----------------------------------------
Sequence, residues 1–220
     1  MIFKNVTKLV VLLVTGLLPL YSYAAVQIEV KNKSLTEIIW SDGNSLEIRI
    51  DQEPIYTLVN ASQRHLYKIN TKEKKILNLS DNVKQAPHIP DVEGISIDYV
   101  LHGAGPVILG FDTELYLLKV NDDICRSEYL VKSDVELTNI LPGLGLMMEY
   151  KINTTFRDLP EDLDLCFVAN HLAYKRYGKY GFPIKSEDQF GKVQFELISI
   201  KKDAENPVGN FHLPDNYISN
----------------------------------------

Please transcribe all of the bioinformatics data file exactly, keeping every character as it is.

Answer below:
Sequence, residues 1–220
     1  MIFKNVTKLV VLLVTGLLPL YSYAAVQIEV KNKSLTEIIW SDGNSLEIRI
    51  DQEPIYTLVN ASQRHLYKIN TKEKKILNLS DNVKQAPHIP DVEGISIDYV
   101  LHGAGPVILG FDTELYLLKV NDDICRSEYL VKSDVELTNI LPGLGLMMEY
   151  KINTTFRDLP EDLDLCFVAN HLAYKRYGKY GFPIKSEDQF GKVQFELISI
   201  KKDAENPVGN FHLPDNYISN